1. Hi Richard, thanks for your questions. Unfortunately, these comments that people make, such as that big caps are slow to charge or sound slow are just not technically or actually correct. The capacitors stay charged while the amplifier is running and in terms of speed, some of the worlds greatest amplifiers, like those made by Mark Levinson, Krell, Accuphase and so on, use a small number of very large caps, to great effect. These amplifiers definitely cannot be classed as slow in any sense. More capacitance is generally a good thing though, and this can be achieved by multiple small, or a few large caps. Smaller caps are cheaper and easier to implement in a circuit, this may explain why some manufacturers have gone down this route. Multiple good small caps will also present a very low power supply impedance which is a good thing. Super low impedance, ESR and high ripple current can also be achieved with correct board layout and implementation of a few very large caps, so no real advantage there. Both can achieve the desired outcome if correctly implemented.

  3. Hi. Why did you not upgrade the stock bridge rectifier? It is only rated at 7 amps. Do bridge rectifiers not affect audio quality?

    Thank you. Richard.

    1. Hi Richard and thanks for your question. There’s a long answer to this and a shorter one, which I’ll try to stick to here. The 405 is rated to draw a maximum current of 2.5A @ 240V, 5A @ 110/120V. I have looked up the bridge rectifier previously and it’s rated for at least 7A, more from memory, but either way, this is way more than the current draw of this amp under real musical conditions. Remember that the rating of 2.5A is for a slow acting fuse, so there’s some integration of current over time there. In the real world, the bridge is just coasting along. In addition, it’s compact and has a nice heatsink tab on it. I always add thermal compound underneath, so that they are really well coupled to the heatsink. One DOES have to consider the inrush current imposed on the bridge if/when increasing the size of the main filter capacitors. I’ve done the calcs on this and the bridge was good for even the fairly major increase I made on a customer amp recently, to 2 x 18,000uF. This will impose an increased load on the bridge though, so be aware of this. In terms of ‘upgrading’ parts, we really do have to be careful and focus on the science. Other bridges won’t really sound any different to this bridge, but what we do around the bridge is important and will affect the sound. For example, installing snubber caps across each diode in the bridge is an excellent idea and will improve the sound of the amp overall. Thanks again for visiting and don’t hesitate to ask more questions if you have them!

    1. Hi Paul, yes you’ve hit the nail on the head there, that’s more or less how I would describe it. Very good match, helps tame some of the NS-1000 sparkle. Mike

  4. Mike,
    Since you have done the hard work on this, could you tell me the Mouser part number for the large 15,000 µF capacitors?
    I have one of these 44/405 Quad combos which I bought on my way to Australia in 1981 and it is still going strong. The only thing I had to replace in 405 were the two pairs of electrolytics (47µF & 100µF) which dried out and made it hum. I also fix audio in Wanneroo and it looked bad when my own amp in the workshop badly hummed. Now is much better but when I really crank it up there is still some residual hum which I am hoping these large things will fix.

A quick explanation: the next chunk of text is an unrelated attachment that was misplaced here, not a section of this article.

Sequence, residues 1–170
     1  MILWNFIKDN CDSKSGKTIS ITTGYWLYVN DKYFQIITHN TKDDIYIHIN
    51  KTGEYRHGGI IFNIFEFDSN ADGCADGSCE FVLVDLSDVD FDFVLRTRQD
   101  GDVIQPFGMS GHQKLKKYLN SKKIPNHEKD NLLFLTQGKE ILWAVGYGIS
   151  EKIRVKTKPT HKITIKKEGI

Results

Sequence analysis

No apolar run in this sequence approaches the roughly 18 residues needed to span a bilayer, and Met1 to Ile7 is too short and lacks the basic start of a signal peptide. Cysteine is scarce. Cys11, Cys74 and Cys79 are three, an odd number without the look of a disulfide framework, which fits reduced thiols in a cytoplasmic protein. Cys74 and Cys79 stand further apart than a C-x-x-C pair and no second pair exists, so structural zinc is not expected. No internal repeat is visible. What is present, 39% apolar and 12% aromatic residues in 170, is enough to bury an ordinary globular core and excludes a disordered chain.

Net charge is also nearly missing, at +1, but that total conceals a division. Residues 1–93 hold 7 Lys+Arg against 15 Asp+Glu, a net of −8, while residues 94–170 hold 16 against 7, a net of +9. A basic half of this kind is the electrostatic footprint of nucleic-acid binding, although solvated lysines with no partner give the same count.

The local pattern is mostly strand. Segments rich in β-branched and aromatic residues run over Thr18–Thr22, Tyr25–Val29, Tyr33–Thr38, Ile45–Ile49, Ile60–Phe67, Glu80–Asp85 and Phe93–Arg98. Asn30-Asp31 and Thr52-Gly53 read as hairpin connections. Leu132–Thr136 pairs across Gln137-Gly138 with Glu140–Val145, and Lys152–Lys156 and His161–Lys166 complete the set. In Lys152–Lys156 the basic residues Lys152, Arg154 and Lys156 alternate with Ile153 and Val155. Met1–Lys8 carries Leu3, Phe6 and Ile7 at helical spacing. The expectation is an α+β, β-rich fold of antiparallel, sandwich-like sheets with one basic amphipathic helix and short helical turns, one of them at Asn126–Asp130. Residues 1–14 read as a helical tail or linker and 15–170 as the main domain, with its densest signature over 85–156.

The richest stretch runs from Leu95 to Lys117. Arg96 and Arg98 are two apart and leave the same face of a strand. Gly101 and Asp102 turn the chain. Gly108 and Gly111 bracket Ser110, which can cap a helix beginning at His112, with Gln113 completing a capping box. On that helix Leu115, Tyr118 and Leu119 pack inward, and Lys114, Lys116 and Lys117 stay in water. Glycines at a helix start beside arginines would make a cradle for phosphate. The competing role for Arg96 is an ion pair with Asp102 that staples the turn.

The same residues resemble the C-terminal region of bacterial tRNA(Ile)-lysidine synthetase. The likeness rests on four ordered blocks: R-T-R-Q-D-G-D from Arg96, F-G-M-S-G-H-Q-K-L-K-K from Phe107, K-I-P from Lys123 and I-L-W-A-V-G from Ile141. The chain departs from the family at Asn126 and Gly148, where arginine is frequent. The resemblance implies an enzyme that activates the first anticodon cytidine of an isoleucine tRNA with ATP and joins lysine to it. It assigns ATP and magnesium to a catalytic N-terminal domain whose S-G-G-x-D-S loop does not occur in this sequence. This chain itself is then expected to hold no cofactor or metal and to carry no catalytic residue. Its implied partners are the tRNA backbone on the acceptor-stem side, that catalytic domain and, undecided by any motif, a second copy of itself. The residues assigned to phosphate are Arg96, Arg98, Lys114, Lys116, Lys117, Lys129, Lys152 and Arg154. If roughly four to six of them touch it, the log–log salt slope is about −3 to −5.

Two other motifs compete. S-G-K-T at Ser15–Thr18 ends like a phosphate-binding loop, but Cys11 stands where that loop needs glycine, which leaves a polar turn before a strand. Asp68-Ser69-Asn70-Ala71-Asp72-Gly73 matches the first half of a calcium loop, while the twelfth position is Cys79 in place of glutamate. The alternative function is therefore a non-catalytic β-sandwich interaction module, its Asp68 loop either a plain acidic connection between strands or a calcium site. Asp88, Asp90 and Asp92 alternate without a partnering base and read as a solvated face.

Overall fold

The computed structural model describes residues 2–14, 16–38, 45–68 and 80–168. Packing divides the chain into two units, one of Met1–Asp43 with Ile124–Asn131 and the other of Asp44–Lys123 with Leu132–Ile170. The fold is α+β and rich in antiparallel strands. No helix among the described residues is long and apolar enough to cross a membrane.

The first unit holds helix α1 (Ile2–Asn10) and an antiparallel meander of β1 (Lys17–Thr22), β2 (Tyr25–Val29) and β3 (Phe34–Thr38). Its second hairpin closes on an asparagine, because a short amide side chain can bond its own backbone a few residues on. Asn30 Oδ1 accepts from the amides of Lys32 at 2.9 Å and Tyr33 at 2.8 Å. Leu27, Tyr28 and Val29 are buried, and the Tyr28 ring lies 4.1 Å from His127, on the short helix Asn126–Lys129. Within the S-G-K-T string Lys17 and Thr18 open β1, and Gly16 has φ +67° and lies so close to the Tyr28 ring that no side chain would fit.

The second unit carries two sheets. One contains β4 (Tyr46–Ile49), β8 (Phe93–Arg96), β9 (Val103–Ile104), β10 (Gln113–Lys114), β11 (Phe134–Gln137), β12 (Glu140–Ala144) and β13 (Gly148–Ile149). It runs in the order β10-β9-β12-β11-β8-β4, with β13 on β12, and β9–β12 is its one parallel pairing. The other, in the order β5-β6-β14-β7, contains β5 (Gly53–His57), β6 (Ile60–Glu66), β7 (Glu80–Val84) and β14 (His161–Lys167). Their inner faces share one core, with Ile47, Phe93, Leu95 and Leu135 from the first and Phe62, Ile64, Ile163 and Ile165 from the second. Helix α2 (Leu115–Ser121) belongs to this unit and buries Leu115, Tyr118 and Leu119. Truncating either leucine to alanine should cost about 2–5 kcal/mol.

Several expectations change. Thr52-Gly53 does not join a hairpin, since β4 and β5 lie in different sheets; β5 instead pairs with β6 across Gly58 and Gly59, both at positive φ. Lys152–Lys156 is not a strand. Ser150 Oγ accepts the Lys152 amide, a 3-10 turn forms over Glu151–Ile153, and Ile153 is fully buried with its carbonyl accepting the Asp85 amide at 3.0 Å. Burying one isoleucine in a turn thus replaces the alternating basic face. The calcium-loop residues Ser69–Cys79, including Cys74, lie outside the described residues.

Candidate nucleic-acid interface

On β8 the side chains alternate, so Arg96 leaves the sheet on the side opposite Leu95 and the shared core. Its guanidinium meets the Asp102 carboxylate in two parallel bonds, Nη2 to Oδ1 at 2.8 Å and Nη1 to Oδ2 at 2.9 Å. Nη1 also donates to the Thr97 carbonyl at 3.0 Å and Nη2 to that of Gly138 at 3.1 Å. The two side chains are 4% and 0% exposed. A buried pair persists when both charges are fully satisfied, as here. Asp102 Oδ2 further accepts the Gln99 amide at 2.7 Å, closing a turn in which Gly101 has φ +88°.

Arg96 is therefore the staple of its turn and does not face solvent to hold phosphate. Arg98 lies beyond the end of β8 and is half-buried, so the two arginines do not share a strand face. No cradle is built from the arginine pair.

Cheers
    Roman

    1. Hi Roman

      Thanks for making contact and I think we’ve perhaps chatted on the phone before – you rang me about fixing your oscilloscope, was that you? Anyway, that parts order was many orders ago so I can’t tell you what the part number was without some digging around unfortunately. You’ll be able to find these though by taking some measurements and using the parametric filters in Mouser. As I recall, they were about $10 each. There are of course lots of other options, but Kemet parts are superb quality and these have a lug style that allows re-use of the existing wiring set-up, for skilled solderers! Definitely worth doing.

      Also be aware (if not already) that the 405 is notorious for hum if its been messed with and not wired correctly. They can hum for example when RCA connectors are changed. Depending on board version, this can be quite an annoyance. The trick is to pay very careful attention to the schematic for your version and check the ground arrangement and wiring of the RCA connectors.

      Let me know how you go!

      Cheers
      Mike

      1. Thanks Mike for your response.
        Will search for the caps at Mouser site.
        We did chat one day but I don’t think it was about the oscilloscope. I have two of them and they both work fine.
        I might have been interested in your Laser power meter. I seem to be mainly fixing CD players and whereas in Philips based machines it is not so crucial, Sony and Sanyo based units have a myriad of pots to adjust and a meter could come in handy (perhaps). They are about $150 to $200 at Wes and I do not know how useful they are. I currently have one of the Roksan Caspian players with Sanyo mech and board and it is time to bite the bullet and start working on it :-).
        If you have a free afternoon one day, why don’t you come over to Wanneroo for a coffee and a chat (and maybe a glass of the vino)?
        Roman

        1. Hi Roman
          No problem, yes a laser power meter is a very handy thing to have, I also fix a few CD players, don’t you love the ones with all the adjustments for tracking and focus?! I think the Roksan players are particularly horrible to work on, I hope this one is not too bad for you. I’d would definitely like to drop by for a chat, let me know your details (email me at liquidaudio@iinet.net.au) and we can arrange it!
          Cheers
          Mike